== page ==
The Peterloo Massacre is the name now given to the incident that took place at St Peter's Field in Manchester on the 16th August 1819, although in the immediate aftermath of the event it was generally known either as the 'Manchester Massacre' or the 'Battle of Peterloo'. (The latter name being of course an ironic reference to the recent Battle of Waterloo.)
At the beginning of the nineteenth century there were a radical movement within Great Britain, partly inspired by the ideals of the French Revolution, campaigning for such objectives as universal suffrage. Such radical ideas found some measure of support following the economic slump that gripped the country at the conclusion of the Napoleonic Wars, made worse by a succession of poor harvests. One of the main tactics adopted by such radicals was that of holding mass meetings, such as the one held at Smithfield in London on the 14th July 1819, chaired by 'Orator' Henry Hunt.
It was the standard practice for such mass meetings to go through the motions of electing a people's representative, thus making the point that this was a privilege denied to the people by the electoral system then in place. The moderates regarded this as a way of demonstrating the level of popular support for reform, whilst the radicals hoped that the assembled crowd could be incited to attempt an insurrection on the spot.
Although it seems unlikely that anyone contemplated initiating an
insurrection in Manchester, the meeting planned there for the 9th August was indeed proposing to elect a 'legislatorial attorney', that is a working-man's popular representative for Lancashire. This meeting was however cancelled because the local magistrates issued a notice declaring that it was assembling for an illegal purpose. The organisers promptly decided to hold another meeting which was advertised for the 16th, this time to petition for parliamentary reform, as well as to protest about the cancelation of the first meeting.
On the 4th August, the Home Office wrote to the magistrates in Manchester about the proposed meeting:
Reflexion convinces him the more strongly of the inexpediency of attempting forcibly to prevent the meeting on Monday. Every discouragement and obstacle should be thrown in its way... He has no doubt that you will make arrangements for obtaining evidence of what passes; that if anything illegal is done or said, it may be the subject of prosecution. But even if they should utter sedition ... it will be the wisest course to abstain from any endeavour to disperse the mob, unless they should proceed to acts of felony or riot.(PRO, HO 41/4)
(The 'he' in this case being the Home Secretary, Henry Addington, 1st Viscount Sidmouth)
The Horrid Massacre at Manchester
One thing that is important to remember is that the radical reform groups of the time were in the habit of forming themselves into 'regiments' and practising drilling in a military fashion. According to some radicals such as Samuel Bamford, this was in order to "disarm the bitterness of our political opponents by a display of cleanliness, sobreity and decorum". Other radicals of course had different ideas as to the exact purpose of such drilling, and naturally the sight of would-be revolutionaries marching around the place in military formation was extremely disturbing to those who supported the established order.
Thus on the 16th August various groups of protestors began their preparations for the meeting by drilling on the moors before marching towards Manchester brandishing banners inscribed with such popular slogans as 'Universal Suffrage', 'Equal Representation or Death', and 'No Corn Laws'. Some have asserted that "their processions with their banners and bands were more like a Sunday School outing than a military parade, with women and children as well as men in the throng". On the other hand, many of the women present were themselves organised into women's 'regiments', such as the one hundred and fifty six members of the Oldham Female Reform Club, one eyewitness John Tyas describes how the protestors "marched to the sound of the bugle, and in very regular time, closing and expanding their ranks, and marching in ordinary and double-quick time, according as it pleased the fancy of their leader", whilst another a special constable named Robert Mutrie, described the marchers as appearing "in regular military order with monstrous clubs over their shoulders".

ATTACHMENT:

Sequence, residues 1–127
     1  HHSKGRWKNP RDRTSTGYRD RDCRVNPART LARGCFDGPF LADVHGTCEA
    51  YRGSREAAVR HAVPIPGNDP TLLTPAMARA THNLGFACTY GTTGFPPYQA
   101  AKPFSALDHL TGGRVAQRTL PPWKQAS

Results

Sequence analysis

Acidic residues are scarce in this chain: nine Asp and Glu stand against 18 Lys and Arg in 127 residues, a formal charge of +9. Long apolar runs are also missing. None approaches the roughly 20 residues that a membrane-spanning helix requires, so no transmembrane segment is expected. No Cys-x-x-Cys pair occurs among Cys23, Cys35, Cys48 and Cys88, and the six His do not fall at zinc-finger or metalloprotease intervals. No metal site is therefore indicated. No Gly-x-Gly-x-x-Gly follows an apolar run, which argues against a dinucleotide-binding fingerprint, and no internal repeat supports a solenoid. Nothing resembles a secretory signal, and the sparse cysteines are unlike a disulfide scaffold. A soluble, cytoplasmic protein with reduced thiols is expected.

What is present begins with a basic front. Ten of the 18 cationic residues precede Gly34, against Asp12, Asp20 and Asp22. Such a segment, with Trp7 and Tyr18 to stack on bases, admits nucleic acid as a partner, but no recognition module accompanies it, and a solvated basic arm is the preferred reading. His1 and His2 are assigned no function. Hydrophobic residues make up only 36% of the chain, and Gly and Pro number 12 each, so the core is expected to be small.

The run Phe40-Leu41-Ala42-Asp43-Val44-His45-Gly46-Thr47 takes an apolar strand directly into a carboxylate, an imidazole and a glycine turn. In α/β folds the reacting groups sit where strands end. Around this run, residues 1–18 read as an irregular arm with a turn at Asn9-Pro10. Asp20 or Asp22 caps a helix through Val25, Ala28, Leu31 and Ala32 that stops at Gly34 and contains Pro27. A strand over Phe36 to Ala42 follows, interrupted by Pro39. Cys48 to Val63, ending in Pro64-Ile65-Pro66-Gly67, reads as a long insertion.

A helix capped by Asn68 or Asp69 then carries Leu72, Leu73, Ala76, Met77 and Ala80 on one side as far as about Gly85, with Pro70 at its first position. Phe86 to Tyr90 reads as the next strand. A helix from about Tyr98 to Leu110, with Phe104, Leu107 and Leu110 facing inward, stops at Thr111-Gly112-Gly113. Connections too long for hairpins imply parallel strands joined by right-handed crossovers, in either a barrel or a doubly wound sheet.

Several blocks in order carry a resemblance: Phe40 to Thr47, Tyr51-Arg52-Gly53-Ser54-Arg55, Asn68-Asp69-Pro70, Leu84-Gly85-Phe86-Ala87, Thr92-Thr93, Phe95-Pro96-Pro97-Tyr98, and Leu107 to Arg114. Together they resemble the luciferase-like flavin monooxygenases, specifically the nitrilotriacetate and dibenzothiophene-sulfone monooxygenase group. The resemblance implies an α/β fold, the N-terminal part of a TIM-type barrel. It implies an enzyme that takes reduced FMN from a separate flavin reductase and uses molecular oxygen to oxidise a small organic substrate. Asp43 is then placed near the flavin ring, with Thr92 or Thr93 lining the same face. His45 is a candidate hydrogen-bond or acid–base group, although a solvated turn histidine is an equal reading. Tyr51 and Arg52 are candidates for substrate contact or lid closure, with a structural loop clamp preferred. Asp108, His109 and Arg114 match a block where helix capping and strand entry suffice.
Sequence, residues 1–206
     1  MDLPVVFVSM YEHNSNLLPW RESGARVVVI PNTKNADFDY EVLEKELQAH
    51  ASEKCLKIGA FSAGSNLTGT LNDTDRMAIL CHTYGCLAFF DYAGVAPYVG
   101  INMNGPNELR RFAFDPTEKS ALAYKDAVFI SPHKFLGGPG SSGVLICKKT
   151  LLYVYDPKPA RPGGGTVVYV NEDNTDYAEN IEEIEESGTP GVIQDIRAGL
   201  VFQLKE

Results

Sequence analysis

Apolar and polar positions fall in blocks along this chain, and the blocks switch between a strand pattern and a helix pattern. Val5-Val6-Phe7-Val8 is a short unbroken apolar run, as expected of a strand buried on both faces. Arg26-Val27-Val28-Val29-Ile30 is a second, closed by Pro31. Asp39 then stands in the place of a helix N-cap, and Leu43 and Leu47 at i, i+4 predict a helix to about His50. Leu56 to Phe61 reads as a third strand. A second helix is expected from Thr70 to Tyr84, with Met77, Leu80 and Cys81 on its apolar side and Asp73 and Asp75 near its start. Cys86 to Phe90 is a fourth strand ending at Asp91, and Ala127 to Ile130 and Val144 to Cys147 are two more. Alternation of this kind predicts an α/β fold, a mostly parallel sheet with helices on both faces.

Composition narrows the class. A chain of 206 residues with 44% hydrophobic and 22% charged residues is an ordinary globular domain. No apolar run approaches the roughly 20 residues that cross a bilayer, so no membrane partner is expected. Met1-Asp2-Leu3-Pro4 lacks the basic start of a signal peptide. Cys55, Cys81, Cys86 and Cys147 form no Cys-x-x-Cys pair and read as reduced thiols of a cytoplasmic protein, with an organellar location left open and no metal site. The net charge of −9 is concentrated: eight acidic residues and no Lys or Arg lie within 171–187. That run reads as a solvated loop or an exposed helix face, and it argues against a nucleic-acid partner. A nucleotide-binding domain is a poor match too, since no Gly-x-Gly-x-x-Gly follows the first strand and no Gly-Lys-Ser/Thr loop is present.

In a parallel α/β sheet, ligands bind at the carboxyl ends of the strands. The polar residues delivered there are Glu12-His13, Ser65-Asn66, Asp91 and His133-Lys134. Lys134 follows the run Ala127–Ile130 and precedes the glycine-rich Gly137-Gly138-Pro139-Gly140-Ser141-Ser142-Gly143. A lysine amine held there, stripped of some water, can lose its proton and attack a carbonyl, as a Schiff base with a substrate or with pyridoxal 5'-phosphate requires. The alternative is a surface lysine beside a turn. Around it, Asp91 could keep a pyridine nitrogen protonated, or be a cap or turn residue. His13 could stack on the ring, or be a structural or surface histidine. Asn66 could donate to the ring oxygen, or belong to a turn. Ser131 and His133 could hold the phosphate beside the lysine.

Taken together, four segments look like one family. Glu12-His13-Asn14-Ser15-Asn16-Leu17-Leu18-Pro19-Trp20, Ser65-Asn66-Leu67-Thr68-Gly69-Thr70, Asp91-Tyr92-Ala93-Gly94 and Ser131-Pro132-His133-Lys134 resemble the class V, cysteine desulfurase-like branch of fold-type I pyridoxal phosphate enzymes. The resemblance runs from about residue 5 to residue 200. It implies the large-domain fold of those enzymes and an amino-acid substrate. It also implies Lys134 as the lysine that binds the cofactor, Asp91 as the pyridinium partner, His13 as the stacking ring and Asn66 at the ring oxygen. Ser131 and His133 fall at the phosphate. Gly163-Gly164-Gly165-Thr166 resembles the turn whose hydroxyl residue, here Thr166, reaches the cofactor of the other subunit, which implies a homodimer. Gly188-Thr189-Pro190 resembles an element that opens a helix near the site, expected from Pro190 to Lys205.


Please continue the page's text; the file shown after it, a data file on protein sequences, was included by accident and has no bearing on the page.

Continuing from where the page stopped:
Estimates of the number of people who turned up at St Peter's Field vary widely from 40,000 to 80,000 people, but whatever the exact number present it appears to have been far in excess of that anticipated by the authorities. The local magistrates under their chairman William Hulton had called out the special constables, the Manchester Yeomanry and the 15th Hussars and became increasingly nervous as they saw the size of the growing crowd. Notwithstanding the Home Secretary's advice they decided to arrest the speakers and sent in the yeomanry to accomplish the task.
According to John Tyas, the correspondent for The Times newspaper;
It appears by every account that has yet reached London, that in the midst of the Chairman's speech, within less than twenty minutes from the commencement of the meeting, the Yeomanry Cavalry of the town of Manchester charged the populace sword in hand, cut their way to the platform, and with the police at their head, made prisoners of Hunt and several of those who surrounded him - seized the flags of the Reformers - trampled down and cut down a number of the people, who, after throwing some stones and brickbats at the cavalry in its advance towards the hustings, fled on all sides in the utmost confusion and dismay.